Edsall, Miles made smart decisions

By Robert Rousseau  |   Monday, December 03, 2007  |  Comments( 1 )

Connecticut Huskies
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Michigan athletic director Bill Martin finally set the record straight for those of us wanting to know. Contrary to reports, he had made absolutely no direct contact with LSU head coach Les Miles about the Michigan coaching vacancy left by Lloyd Carr. Though Michigan did receive permission from LSU to speak with Miles, it was only extended for after last Saturday's SEC championship game.

"I did not talk to Les Miles or his agent this past week in accordance with the wishes of (LSU athletic director) Skip Bertman and the LSU Athletic Department," Martin said. "This morning I did speak with Les' agent [George Bass] and he reaffirmed what Les said during his press conference yesterday -- that he was staying at LSU."

Further, on Sunday Connecticut Huskies head coach Randy Edsall told his team that he had withdrawn his name from the Georgia Tech coaching search.

"I'll stay here as long as they would like me to stay," Edsall said. "There is still quite a bit of work to be done and I want to continue to do that."

Still, he's already led the team to a co-Big East championship in only its fourth year in the conference. Not bad for the work done so far.

In the end, you have to congratulate Miles and Edsall for making the right decisions. Said another way, there should be a rule for college football coaches to live by.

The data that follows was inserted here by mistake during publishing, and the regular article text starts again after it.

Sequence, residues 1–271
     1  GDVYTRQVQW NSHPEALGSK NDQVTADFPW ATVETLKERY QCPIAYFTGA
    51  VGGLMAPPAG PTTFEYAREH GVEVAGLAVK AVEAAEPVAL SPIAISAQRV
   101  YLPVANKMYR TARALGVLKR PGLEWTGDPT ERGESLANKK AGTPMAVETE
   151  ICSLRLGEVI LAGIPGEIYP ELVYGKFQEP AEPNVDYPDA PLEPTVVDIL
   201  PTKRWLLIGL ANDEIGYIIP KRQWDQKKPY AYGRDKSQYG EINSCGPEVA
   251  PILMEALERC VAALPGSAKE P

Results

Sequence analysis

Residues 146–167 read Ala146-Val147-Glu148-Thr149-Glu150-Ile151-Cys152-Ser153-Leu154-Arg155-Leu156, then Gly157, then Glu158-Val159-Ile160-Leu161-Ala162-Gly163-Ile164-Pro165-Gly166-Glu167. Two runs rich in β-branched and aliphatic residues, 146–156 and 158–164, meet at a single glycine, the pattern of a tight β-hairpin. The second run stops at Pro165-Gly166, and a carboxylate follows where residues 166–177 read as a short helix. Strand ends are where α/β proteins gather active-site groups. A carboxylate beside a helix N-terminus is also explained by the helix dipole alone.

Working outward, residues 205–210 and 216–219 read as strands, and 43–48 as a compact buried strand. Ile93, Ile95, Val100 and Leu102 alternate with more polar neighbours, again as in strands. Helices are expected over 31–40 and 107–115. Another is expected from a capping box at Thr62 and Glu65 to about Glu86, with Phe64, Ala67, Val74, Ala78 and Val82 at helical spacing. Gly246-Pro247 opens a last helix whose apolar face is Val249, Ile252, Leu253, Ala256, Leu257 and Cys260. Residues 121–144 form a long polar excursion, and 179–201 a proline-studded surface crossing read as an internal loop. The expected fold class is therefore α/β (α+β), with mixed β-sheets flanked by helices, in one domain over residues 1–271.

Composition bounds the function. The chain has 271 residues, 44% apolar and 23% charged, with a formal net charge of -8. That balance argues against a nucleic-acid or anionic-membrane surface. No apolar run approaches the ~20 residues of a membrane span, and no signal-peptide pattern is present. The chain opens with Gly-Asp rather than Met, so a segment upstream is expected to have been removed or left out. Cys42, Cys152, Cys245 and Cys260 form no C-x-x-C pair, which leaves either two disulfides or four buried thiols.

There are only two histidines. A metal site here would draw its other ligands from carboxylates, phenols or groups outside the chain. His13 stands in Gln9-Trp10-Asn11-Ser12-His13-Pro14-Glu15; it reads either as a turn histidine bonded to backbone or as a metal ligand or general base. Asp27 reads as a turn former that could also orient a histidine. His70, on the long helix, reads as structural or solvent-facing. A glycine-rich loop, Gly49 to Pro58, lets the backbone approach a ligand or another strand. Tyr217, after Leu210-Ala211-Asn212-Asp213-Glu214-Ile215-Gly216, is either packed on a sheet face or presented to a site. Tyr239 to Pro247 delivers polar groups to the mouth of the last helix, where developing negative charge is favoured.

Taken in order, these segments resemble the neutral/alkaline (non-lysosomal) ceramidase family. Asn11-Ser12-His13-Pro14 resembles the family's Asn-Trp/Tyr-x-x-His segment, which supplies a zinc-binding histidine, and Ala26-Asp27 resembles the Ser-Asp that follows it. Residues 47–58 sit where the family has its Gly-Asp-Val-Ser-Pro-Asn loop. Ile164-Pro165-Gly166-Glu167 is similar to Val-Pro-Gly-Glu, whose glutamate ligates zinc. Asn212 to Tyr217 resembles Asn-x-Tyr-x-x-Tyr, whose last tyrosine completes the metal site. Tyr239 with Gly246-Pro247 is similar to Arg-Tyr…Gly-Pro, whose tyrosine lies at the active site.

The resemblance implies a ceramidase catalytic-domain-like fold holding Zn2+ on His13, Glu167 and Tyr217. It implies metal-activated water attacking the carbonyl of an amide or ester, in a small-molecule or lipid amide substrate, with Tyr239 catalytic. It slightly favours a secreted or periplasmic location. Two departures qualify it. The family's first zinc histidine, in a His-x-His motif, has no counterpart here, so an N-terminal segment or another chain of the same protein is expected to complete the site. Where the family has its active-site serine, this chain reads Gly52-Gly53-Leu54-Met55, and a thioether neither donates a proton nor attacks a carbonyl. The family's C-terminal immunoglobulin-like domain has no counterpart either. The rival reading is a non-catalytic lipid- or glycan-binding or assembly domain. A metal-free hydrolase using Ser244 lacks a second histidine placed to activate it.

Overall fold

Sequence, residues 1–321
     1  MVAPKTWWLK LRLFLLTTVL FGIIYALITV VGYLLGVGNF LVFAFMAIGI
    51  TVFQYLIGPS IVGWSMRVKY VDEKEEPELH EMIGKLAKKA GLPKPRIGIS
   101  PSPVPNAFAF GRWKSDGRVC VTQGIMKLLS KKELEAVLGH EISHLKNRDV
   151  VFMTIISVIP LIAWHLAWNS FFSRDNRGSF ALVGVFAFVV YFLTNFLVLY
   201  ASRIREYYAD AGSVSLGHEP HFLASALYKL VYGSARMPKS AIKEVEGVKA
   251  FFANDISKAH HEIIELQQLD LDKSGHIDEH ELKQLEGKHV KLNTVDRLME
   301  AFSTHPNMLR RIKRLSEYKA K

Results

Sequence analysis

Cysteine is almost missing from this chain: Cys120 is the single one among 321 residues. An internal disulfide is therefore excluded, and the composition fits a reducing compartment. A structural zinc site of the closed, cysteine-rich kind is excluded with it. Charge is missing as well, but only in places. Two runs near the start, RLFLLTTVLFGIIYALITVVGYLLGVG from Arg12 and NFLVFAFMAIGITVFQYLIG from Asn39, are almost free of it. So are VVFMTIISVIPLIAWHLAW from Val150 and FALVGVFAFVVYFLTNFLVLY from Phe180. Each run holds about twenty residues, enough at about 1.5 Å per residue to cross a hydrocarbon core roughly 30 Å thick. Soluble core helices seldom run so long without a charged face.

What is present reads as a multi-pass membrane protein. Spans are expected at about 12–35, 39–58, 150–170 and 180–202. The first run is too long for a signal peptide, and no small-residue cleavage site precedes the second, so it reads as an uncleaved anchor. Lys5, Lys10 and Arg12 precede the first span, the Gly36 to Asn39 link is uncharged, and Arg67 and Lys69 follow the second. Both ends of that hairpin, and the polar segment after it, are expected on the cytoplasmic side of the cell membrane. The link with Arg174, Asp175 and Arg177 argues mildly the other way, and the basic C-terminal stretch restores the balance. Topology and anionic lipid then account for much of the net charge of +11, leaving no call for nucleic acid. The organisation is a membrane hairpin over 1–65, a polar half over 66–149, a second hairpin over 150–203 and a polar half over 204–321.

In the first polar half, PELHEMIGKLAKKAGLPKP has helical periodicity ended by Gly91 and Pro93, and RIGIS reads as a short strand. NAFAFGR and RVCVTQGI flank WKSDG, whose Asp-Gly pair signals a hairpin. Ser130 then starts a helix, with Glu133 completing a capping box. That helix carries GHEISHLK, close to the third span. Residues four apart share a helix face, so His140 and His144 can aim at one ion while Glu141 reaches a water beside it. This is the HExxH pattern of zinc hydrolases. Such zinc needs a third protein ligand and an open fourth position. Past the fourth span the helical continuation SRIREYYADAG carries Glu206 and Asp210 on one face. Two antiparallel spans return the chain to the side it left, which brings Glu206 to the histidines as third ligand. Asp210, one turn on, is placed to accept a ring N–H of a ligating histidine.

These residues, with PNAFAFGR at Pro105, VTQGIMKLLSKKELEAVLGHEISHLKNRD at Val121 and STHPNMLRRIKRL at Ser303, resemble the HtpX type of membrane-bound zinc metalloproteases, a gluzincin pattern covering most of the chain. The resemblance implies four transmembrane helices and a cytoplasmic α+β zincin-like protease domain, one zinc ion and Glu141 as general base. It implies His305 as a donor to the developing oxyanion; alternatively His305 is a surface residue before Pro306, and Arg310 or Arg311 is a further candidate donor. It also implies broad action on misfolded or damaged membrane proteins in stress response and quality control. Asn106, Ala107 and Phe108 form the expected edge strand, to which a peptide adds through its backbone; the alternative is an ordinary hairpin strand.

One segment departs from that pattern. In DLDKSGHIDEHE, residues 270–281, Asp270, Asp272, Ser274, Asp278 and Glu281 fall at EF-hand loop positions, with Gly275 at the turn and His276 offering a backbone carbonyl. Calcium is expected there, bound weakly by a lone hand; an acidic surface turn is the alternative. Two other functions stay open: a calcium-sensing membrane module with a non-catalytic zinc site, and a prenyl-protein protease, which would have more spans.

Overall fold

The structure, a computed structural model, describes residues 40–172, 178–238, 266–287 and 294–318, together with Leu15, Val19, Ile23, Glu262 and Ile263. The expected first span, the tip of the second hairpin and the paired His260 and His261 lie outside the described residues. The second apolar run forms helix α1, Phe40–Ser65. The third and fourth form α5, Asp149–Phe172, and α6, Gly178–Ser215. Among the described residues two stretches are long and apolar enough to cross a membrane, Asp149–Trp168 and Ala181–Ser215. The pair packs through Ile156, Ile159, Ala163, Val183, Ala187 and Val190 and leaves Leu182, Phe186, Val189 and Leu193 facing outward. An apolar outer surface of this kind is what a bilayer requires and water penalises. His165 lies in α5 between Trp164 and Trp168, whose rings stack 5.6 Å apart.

If you have a BCS job where the people you work with treat you well and you've had some success, strongly consider staying there. In other words, the grass isn't always greener on the other side.

Steve Spurrier -- one of the greatest college football coaches of all-time -- left Florida a few years ago, had a terrible time in the NFL, and then came back to coach South Carolina. Though he's done pretty well with the Gamecocks, it just hasn't been the same. Dennis Franchione left Alabama for Texas A&M, which ended poorly. Guy Morriss, recently fired as Baylor's head coach, was doing a very good job at Kentucky before deciding to leave after a 7-5 2002 season. He never had a winning record while at Baylor.

Sure, you can point to people who have had some success with the decision to leave for BCS jobs. In fact, Miles' decision to leave Oklahoma State for LSU is a perfect example. But you have to ask yourself: Does a little extra money warrant the upheaval of moving your family and taking on a job almost guaranteed to be more of a pressure cooker than what you're already involved in? What if it doesn't work out? What if you don't enjoy working with the people around you?

Soon, coaches like Greg Schiano and Jim Grobe, among others, will be asked to make that decision for themselves. It will be interesting to see what they decide.

The point is, changing jobs isn't always what it's cracked up to be. Sometimes you're better off with the status quo.
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About Robert Rousseau

Robert Rousseau is a sports writer that has been published in a variety of print and online venues. He’s been writing for RealFootball365.com for almost three years now. When Rousseau isn’t writing about college football he tends to be penning mixed martial arts pieces for MMAFighting.com or...
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